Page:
Brace yourself, Los Angeles -- election day lasts another six months

No, of course one election is not enough. Let’s look ahead, ever so slightly. Los Angeles city voters begin selecting their next mayor beginning with mail-in ballots in February. Voting day is March 5.

So how did those candidates spend this election day?

Jan Perry voted Tuesday morning at 9-ish at Bunker Hill Towers on 1st Street in downtown Los Angeles. Her evening schedule included the Tolliver Barber Shop election night party in South Los Angeles; the Jackie Lacey election night party in Northridge (Lacey is running for district attorney); the Maxine Waters election night party in Hawthorne; and the Big One -- that is, the Big One for Democrats: the Los Angeles County Democratic Party and Los Angeles County Federation of Labor night shindig at Dodger Stadium.

Yes, Dodger Stadium. If you planned on dropping by for a Dodger Dog, you found out that this was a big yes-on-30, no-on-32 crowd. Which is just fine with The Times’ editorial page. Just saying.

Perry also planned to hit the Reggie Jones-Sawyer election night party on Manchester. Jones-Sawyer is a candidate for the 59th Assembly District seat. And the Isadore Hall election night party at Culver Studios. Hall is an assemblyman seeking reelection.

Eric Garcetti voted around 8-ish Tuesday morning at his polling place at Allesandro Elementary School. He then went on KNX in the evening to do color commentary before going to the Dodger Stadium event. Does that make him Jerry Doggett?


Garcetti was also scheduled to appear at a Democratic Party of the San Fernando Valley event in Van Nuys, a President Obama event in Culver City and other bashes as well.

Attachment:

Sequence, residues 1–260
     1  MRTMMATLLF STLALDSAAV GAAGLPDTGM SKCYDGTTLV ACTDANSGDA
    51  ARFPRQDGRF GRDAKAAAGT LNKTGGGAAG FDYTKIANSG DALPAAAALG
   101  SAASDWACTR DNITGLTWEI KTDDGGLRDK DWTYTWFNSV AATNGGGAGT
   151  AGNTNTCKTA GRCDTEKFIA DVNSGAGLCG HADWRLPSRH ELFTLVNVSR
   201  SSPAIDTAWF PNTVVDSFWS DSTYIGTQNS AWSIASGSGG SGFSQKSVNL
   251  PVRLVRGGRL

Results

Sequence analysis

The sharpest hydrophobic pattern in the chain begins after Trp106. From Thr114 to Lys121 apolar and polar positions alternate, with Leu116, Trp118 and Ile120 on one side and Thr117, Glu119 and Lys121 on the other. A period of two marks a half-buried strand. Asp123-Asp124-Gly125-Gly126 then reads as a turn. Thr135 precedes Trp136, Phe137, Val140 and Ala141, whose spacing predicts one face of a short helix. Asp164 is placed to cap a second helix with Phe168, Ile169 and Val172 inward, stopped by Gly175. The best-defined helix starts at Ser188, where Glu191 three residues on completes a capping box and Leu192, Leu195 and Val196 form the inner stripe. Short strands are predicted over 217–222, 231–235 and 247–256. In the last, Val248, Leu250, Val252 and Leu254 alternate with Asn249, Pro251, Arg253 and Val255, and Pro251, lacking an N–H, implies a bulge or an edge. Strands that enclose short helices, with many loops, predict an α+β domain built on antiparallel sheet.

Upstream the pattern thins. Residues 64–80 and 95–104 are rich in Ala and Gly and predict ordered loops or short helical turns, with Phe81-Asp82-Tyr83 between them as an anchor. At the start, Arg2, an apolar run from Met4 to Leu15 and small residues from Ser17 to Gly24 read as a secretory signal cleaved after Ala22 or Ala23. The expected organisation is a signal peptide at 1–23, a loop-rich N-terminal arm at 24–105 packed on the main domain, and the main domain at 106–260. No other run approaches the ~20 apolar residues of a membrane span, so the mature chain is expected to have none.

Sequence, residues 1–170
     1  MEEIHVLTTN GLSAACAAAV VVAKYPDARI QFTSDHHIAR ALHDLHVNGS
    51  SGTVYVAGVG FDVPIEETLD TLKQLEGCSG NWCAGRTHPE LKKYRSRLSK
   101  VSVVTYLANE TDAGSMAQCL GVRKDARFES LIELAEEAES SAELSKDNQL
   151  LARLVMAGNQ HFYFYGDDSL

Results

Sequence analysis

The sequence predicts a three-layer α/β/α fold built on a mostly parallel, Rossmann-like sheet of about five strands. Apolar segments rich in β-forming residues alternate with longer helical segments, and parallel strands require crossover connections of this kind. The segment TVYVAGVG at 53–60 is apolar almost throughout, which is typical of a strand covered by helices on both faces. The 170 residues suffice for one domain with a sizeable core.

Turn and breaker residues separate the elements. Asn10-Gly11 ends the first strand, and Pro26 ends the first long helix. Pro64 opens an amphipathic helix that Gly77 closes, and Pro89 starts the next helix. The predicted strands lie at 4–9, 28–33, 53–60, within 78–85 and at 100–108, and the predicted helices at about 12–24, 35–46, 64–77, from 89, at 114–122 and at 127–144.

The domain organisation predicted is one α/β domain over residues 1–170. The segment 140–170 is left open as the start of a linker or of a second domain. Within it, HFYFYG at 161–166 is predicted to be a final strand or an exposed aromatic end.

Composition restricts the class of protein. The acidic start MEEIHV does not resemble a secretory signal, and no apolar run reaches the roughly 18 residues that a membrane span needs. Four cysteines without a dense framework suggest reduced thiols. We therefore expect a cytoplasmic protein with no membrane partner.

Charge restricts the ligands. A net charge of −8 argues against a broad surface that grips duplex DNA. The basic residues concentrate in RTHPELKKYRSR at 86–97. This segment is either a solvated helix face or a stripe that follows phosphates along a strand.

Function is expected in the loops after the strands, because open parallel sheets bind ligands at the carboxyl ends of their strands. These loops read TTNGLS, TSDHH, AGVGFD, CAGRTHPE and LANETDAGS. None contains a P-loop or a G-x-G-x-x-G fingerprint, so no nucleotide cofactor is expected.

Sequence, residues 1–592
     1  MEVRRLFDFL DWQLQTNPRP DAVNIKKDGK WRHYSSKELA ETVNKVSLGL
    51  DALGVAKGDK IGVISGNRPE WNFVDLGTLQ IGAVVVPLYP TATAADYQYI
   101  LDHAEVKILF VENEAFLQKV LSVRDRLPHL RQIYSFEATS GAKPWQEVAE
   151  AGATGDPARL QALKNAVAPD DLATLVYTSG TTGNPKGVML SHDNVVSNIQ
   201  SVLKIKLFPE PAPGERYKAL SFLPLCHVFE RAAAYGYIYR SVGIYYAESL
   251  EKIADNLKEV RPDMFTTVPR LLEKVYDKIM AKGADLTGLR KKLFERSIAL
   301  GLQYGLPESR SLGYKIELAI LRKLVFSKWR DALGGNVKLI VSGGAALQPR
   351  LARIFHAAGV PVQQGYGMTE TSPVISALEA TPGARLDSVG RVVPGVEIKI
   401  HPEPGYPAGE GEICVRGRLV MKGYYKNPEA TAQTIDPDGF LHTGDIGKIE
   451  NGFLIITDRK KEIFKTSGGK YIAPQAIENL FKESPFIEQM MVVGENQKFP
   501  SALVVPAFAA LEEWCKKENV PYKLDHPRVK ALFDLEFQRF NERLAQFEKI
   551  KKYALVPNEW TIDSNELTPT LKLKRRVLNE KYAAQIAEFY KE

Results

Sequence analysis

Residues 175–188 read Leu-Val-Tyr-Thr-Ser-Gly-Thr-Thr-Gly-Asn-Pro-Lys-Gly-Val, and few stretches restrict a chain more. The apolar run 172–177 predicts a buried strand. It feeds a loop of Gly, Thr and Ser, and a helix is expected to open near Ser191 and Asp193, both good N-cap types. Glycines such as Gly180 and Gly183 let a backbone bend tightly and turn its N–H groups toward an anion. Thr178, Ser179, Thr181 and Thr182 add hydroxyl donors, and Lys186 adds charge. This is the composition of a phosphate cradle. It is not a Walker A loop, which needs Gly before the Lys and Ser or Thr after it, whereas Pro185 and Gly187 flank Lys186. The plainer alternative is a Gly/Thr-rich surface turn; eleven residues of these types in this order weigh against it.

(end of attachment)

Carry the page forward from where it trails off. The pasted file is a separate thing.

Kevin James skipped the photo op and voted by mail last week. He said he was having lunch with Los Angeles City Administrative Officer Miguel Santana and had no particular plans for the evening, although “I anticipate that I’ll get out at some point.” James is a Republican, so you wouldn’t find him at the Dodger Stadium event.

Wendy Greuel tweeted a photo of herself voting, with her young son. She spent the day phone-banking to get out the vote for Obama, for yes-on-30 and for no-on-32. She wears her no-on-32 sentiment right on her sleeve, or rather, on her campaign homepage.

And that’s our not-so-sneaky way of saying that the presidential returns are just the beginning. Los Angeles will be in full-election throttle through the holiday season, into next year and almost to Memorial Day 2013. Depending on how you feel about such things, either (1) hallelujah for democracy or (2) deal with it.


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